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The Saratoga Falcon

The Saratoga Falcon

Visiting China: same person, a completely different experience

Bill Huang
The sun set in the sky at XiAn.

As 10-year old me stared at the TV in my grandparents’ apartment in WuHu, an iPad blasted Geometry Dash music in my hand. My only wish was for my parents to allow me to stay up past 9 p.m. to watch cartoons like Boonie Bears and Zhu Zhu Xia, a show about a pig superhero. This wish was usually granted, as the sofa would always end up being my bed for the night before my parents would carry me to my actual bed. 

This was just one of a few faint but memorable moments I have from visiting China throughout my middle school years. This summer, when China opened to the public after COVID-19, I got a chance to spend two weeks in many of the big cities in China after not visiting for five years — including Xian, Shanghai and HangZhou — and the new memories I gained quickly replaced the faded ones from my childhood.

Some aspects of China were exactly the same as I remembered: the unbearable heat and humidity and the countless number of mosquitoes and people. 

Everytime I stepped out, I felt the searing sun burn my face. I’ve been spoiled by California’s comfortable climate of sunny skies and occasional breezy winds. In comparison, the sun in China felt as if I was a lasagna in an oven, baking for hours with no end until my skin bubbled like the cheese.

Besides the hot summers, everything else was completely different in interesting and exciting ways. 

Since the previous time I visited China, I noticed everything felt much smaller. 

For one thing, I was a whole foot taller. The same buildings from my grandparents’ town in Xiangtan and Wuhu felt ever so slightly shorter, and new housing development added in organized rows made me feel overwhelmed from seeing tall buildings everytime I looked up.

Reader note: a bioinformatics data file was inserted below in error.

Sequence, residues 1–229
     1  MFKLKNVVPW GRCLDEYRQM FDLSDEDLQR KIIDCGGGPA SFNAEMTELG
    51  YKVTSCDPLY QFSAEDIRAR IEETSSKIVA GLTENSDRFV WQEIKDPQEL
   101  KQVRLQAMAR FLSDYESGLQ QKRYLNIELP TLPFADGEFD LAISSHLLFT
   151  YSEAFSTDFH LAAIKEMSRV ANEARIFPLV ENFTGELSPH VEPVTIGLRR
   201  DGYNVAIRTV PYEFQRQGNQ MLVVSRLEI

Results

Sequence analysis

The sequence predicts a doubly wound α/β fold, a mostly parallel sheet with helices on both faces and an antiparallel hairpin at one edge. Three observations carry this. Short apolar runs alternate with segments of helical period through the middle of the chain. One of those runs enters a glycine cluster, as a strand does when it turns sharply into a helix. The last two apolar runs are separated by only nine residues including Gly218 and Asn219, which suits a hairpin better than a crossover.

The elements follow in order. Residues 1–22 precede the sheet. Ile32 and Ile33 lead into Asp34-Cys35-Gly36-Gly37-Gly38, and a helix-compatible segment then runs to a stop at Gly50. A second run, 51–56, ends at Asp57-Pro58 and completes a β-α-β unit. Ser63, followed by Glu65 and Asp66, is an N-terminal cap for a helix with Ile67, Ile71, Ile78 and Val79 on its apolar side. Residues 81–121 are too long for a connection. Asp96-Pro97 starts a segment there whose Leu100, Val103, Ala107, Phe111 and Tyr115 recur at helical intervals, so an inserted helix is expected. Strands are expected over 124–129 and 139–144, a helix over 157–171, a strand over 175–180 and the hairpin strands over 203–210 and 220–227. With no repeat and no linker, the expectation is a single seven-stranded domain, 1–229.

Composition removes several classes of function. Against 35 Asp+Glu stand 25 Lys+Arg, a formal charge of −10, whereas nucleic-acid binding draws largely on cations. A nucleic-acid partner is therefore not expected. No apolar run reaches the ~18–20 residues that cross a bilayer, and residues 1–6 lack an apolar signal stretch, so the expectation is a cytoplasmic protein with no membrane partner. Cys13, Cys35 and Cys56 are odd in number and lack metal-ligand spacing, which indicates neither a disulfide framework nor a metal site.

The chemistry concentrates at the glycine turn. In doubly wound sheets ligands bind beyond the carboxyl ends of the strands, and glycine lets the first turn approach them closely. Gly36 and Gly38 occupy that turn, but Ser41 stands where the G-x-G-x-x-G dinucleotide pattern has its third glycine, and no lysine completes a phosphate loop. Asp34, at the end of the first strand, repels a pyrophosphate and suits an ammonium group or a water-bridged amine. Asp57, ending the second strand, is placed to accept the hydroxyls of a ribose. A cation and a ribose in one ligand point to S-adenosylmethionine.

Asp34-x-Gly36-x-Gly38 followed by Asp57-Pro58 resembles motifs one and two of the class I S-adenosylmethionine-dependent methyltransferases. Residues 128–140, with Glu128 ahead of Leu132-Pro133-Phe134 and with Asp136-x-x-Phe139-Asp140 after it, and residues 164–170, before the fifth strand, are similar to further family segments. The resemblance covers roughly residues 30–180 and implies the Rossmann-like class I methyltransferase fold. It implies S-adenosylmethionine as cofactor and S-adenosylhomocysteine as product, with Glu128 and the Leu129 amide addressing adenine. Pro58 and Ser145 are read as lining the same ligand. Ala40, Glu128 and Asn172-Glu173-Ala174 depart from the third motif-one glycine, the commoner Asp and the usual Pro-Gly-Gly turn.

Similarly, the aunts and uncles I haven’t been able to see for years looked up at me when we talked, rather than my neck flipping backwards to see their faces. These changes made China seem bizarre and almost unrecognizable.

In Shanghai, I lived in a hotel next to five malls all adjacent to each other. Now, when I say malls, you may be thinking of something like West Valley Fair. But those malls make West Valley fair look puny. Each mall was at least 10 stories high with multiple stores on each floor. From food and clothes to movie theaters and arcades, it would take days to finish exploring even one mall. 

Foodwise, I tried a lot more different types compared to previous visits because I had more time to explore by myself. I actually got to buy McDonalds in China for once, something my parents would never let me do as a child. Most of the other food was as I remembered, just more variety like frog meat and stronger flavors like spicy and sour.

Everywhere I went, there were people covering every square foot. When I went to Xian, one of the most popular tourist cities in China — a single water show — got me squished in a crowd with over ten thousand people. Every mall, store or open area I went to, was packed with people. 

Although I certainly didn’t enjoy the moment of being with that many people along with the intense heat, the experience will forever be memorable.

I changed my perspective on China tremendously. If this trip had never happened, I would have never realized the countless number of shops, malls and restaurants China has to offer, and my thoughts of China would forever be of me stuck in my grandparents’ house playing games as a small child.

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